Something tells me we'll need to get there soon though, as the times they are a changing. I suspect all the things that are drawing us there will slowly (and then quickly) start to diminish as the modern world creeps in. Let’s hope that it won't be too soon for us photographers, but on the flip side I do wish them well and prosperity.
I notice that you didn't mention who you'd like to be your photographic guide on the trip, so let’s go back to that in a more detail. When it comes to photography, be it street or any other genre, who are your inspirations and what is it about them that inspires you so?
MJ - I love photography exhibitions and I visit photo galleries as often as I get a chance, especially when I travel. There are many photographers whose work I admire and I feel inspired seeing what they do. But I wouldn't say that any style or any particular photographer's work has a major or lasting influence on me as such. There is one 'idea' if you will, though, that actually has had an impact on me. I love the Israeli style of street photography, it reminds me of oriental story-telling. In the typical European traditional street photography, you would have a particular clean-cut scene, pretty much, 'what you see is what you get'. In Israeli street photography, you often find parts of scenes, almost like insinuations, without the whole story being told, but rather leaving the story-telling up to the viewer's imagination.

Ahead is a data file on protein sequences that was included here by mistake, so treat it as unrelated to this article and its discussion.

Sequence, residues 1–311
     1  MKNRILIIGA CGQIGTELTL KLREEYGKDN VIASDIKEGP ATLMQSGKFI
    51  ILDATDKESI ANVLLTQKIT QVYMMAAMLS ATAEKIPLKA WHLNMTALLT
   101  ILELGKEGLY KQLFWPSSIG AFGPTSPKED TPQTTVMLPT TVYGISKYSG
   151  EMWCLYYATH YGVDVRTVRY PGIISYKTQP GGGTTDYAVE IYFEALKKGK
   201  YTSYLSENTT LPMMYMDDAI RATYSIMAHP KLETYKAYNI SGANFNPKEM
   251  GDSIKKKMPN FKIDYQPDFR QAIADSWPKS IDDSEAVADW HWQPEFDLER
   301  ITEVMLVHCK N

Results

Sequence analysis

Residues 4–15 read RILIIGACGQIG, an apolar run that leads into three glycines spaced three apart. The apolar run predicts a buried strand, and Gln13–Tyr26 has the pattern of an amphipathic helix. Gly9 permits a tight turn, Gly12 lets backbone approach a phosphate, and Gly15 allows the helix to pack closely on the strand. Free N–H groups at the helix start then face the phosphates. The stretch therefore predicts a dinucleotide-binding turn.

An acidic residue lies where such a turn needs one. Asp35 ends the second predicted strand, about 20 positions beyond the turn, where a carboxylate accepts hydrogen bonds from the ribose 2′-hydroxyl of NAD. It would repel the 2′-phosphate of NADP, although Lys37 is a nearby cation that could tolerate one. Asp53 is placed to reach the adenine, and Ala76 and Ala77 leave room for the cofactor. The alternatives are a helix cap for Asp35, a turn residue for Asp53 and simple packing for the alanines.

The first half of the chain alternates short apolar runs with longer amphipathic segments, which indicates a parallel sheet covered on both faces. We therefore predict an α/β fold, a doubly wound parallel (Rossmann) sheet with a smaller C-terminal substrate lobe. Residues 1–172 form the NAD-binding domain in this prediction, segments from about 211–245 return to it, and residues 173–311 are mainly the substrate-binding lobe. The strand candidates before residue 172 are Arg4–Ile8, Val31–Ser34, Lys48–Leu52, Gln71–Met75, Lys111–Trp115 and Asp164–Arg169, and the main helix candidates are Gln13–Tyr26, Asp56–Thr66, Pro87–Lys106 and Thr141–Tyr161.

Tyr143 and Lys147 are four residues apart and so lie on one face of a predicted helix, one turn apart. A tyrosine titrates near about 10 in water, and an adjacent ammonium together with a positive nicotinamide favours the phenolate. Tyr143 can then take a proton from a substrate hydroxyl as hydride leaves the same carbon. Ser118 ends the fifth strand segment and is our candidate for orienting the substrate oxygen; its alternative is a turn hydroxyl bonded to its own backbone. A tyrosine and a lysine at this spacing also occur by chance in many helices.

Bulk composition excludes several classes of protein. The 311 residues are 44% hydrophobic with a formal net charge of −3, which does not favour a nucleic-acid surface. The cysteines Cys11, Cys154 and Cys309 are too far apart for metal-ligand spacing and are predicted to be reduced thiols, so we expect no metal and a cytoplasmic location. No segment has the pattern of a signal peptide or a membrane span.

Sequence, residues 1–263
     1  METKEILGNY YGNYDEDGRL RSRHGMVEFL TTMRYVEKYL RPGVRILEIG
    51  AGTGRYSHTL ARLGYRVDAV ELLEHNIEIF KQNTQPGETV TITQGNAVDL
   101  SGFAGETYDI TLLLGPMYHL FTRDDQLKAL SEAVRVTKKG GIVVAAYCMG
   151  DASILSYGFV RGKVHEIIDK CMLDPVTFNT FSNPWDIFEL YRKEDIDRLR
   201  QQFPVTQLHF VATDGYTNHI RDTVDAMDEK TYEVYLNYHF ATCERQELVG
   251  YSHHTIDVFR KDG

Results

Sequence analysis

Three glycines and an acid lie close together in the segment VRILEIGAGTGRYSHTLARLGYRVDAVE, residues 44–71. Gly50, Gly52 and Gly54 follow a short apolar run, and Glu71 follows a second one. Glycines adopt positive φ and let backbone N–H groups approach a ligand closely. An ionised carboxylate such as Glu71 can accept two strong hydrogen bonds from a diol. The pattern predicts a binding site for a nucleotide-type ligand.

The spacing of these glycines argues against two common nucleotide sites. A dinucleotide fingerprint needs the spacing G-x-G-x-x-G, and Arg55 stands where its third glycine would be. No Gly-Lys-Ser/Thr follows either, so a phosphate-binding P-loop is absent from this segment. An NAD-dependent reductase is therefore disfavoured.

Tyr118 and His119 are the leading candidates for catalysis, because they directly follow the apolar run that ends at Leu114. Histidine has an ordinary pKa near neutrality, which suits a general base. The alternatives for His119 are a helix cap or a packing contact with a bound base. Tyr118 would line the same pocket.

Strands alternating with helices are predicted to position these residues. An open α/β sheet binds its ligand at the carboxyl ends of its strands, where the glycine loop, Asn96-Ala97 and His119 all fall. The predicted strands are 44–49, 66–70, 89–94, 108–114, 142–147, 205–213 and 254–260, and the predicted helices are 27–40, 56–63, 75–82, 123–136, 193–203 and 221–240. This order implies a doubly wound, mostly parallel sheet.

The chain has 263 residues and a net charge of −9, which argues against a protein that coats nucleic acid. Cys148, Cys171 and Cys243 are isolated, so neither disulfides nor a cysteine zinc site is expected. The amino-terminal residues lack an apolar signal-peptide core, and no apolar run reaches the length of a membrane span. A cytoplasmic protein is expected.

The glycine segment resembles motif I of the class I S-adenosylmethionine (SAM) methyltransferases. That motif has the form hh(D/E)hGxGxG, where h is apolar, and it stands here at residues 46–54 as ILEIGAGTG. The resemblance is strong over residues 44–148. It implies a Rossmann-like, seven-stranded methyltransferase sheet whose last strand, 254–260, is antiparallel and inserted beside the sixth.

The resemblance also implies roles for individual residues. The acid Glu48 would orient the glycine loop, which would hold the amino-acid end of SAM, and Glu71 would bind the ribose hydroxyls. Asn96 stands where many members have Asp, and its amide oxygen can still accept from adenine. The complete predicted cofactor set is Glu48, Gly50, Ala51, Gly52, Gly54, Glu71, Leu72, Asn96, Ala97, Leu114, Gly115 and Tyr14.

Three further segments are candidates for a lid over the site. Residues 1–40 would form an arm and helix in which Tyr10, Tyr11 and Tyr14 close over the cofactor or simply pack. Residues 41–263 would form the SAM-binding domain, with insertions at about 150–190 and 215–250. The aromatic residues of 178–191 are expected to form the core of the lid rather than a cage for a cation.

AM - Visiting a gallery is always a good source of ideas and influence, even if that influence isn't direct. You can absorb a lot from viewing other images. It doesn't matter if it is art or photography as you will still get to see how a composition is made, how the light has been used to create depth and how emotions have been layered into the narrative of the image.
Shall we try a relatively simple question as we near the end . If you had any advice to give to someone starting out with photography, what would it be?